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Eastshade: picture perfect

What do you enjoy most about RPGs? For me, it’s the sense of exploration and discovery, not necessarily the RPG elements themselves. I played The Elder Scrolls Online for so long because I could just run in any direction and see what I could find: a villager who’ll reveal some local gossip, a hunter chasing a fox, a clifftop with a beautiful view. And I enjoyed Horizon Zero Dawn not only due to the awesome Aloy, but also for its photo mode and hundreds of beautiful screenshots.

Perhaps the reason why I fell in love with Eastshade so quickly is because of this. Imagine playing a game like The Elder Scrolls V: Skyrim but with no combat; somewhere you can explore without fear of getting attacked by a wolf in the woods or troll in a cave, where there are secrets and interesting characters to discover, and where you frequently pull back from the screen and say ‘Wow.’ Eastshade Studios’ title is one in which you can take a holiday and never want to leave.

I picked up the game on a whim one weekend when I was free to start something new, after hearing several good things about it. The storyline described on its Steam page sounded gentle and calming – exactly what I needed after going through a few rough weeks at work. It starts when your character, a travelling painter, arrives on the island of Eastshade to capture the world on canvas and fulfil your mother’s last wish of painting four of her favourite locations.

You may read that and wonder if that’s all; and yes, it’s as simple as that and yet so much more. This isn’t a plot that needs to be driven forward by a big plot-twist and grand mystery. Instead, the player is taken by the hand and led on a charming, meandering journey through flower-filled woods, sun-filled coastal areas, snowy mountain peaks and cities full of beautiful architecture. It’s so relaxing it almost feels as if you’ve escaped to the countryside for a few days.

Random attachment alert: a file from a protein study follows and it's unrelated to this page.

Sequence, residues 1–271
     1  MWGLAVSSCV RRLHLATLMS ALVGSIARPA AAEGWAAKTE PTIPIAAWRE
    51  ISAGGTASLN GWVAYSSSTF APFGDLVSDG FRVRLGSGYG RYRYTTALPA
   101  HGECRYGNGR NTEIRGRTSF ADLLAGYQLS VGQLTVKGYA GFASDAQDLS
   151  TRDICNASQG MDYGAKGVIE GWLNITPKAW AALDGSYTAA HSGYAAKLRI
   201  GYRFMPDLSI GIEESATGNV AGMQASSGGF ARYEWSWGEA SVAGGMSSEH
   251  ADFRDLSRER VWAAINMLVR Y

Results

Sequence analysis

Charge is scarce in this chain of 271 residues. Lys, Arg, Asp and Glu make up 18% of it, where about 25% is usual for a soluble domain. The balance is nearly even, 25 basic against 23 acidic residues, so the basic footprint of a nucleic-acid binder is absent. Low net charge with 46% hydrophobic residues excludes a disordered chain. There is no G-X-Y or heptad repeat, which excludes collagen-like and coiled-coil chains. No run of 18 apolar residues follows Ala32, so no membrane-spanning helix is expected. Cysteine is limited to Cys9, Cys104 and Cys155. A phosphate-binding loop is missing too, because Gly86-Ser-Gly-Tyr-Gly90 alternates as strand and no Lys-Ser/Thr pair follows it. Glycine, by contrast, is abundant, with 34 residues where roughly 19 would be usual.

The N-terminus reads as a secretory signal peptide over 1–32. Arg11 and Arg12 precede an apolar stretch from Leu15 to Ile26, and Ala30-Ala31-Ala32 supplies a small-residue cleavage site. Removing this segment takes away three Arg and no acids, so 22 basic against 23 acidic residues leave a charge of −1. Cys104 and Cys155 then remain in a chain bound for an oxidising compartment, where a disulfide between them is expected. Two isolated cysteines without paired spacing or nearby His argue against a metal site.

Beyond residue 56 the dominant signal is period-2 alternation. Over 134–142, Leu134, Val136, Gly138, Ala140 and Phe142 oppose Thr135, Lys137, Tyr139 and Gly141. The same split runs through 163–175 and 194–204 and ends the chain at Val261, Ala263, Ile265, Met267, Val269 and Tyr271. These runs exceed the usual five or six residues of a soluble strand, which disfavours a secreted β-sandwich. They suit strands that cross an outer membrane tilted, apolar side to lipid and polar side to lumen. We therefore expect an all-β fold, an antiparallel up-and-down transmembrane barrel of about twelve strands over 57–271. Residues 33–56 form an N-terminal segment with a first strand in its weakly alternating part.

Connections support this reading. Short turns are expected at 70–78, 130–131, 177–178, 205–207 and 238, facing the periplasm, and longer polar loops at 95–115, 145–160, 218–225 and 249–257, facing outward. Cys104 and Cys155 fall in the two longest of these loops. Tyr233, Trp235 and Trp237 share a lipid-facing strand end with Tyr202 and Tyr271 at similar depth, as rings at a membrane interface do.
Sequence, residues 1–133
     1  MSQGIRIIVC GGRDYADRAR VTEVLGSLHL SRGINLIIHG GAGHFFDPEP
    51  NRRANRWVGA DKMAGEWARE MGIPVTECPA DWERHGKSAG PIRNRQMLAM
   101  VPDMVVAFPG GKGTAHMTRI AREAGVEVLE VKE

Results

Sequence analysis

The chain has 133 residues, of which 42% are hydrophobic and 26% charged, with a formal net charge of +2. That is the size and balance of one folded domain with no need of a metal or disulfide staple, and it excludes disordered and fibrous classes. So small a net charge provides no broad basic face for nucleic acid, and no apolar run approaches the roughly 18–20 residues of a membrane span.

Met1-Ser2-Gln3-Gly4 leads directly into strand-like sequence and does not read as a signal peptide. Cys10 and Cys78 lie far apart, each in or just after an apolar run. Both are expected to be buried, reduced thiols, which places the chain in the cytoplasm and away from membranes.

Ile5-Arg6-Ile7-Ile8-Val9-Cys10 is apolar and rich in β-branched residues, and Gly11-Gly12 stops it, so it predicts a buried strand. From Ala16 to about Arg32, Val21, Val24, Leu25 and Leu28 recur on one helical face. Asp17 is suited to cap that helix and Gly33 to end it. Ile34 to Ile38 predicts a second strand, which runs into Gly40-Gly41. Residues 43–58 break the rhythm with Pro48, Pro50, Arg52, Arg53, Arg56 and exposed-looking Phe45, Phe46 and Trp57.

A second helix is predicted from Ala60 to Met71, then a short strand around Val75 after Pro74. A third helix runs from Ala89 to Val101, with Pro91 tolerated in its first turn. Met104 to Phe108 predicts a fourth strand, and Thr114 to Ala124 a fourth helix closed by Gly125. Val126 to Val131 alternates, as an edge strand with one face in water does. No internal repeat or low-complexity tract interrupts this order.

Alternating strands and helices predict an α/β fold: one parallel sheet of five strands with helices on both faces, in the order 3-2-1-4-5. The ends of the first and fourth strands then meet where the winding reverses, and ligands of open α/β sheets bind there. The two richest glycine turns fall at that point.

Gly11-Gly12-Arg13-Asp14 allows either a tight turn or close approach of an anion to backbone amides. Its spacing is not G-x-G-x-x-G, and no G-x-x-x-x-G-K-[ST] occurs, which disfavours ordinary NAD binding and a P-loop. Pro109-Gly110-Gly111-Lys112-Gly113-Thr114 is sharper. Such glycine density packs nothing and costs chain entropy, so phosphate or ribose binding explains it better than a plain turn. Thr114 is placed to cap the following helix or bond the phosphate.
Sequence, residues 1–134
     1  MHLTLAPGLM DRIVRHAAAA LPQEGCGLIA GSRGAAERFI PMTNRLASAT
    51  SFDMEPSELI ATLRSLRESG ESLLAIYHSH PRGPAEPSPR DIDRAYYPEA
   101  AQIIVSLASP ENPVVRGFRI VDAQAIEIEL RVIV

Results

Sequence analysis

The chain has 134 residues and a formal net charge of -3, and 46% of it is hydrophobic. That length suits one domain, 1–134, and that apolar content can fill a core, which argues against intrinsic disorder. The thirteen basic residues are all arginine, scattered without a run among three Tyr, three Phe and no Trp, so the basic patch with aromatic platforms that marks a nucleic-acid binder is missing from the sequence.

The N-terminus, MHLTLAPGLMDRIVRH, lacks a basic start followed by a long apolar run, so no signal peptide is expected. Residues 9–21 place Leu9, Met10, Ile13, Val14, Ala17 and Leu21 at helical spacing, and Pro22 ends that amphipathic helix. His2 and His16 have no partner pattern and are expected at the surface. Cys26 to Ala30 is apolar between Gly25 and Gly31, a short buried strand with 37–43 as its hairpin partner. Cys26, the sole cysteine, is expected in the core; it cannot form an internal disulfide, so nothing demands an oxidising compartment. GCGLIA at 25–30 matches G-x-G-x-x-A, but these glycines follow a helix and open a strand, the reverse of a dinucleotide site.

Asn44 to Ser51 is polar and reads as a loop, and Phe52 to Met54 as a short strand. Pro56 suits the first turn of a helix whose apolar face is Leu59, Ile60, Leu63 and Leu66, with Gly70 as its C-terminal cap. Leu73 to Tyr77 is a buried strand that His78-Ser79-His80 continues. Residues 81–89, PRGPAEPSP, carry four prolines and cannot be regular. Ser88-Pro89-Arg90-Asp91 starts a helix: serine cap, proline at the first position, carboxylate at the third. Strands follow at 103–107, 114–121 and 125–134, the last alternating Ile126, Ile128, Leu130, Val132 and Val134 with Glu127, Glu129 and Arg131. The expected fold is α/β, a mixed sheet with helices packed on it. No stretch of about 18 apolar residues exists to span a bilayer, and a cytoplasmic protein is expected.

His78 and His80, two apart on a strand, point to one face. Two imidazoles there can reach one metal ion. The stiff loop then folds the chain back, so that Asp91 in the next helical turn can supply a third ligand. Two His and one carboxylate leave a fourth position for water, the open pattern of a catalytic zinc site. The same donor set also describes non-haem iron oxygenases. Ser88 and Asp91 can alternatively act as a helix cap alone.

Along your way you’ll meet the inhabitants of the island, anthropomorphic animals who are all happy to see you and may request some assistance. There’s the bear who has got his head stuck in a jar, the owl who wants to advertise her hot-air balloon, and the monkey who needs to figure out who’s been nibbling on his carrots. Giving them a hand will not only reward you with in-game currency called ‘glowstones’ but also gain you a friend who’ll remember your good deeds and greet you the next time you swing by.

Those glowstones can be used to purchase items such as a coat so you can stay out at night when the temperature drops (perfect for completing certain quests which can only be triggered when dusk falls) or a wooden bicycle to get around the island far quicker than walking. Useful objects can also be created by collecting resources scattered about the environment. For example, picking up ten bloomsacs and a stick, and learning how to make twine from roots, means you can make a raft to sail to areas previously cut off by water.

Eastshade, video game, countryside, mountains, hot-air balloon, easel, canvas, painting

As well as painting your mother’s favourite locations, inhabitants may ask you to pain them a picture of a specific place or object. Simply craft a canvas from fabric and wooden boards found throughout the island and then select it from your inventory to capture the scene in front of you. This mechanic seems a little oversimplified at first, especially when you consider this is a game all about painting; but after a while it merges with Eastshade’s easy-going nature and it’s a pleasure to see those paintings materialise.

Be careful though, because creating artwork drains your Inspiration. To refill your meter you’ll need to search out new locations and experiences: you can read books, watch performers at work, take a relaxing dip in one of the hot springs or have a nice cup of tea. This resource isn’t difficult to manage however. At no point during my 15 hours with the title did I once completely run out for Inspiration, for there are always new things to see and do if I was willing to go and explore.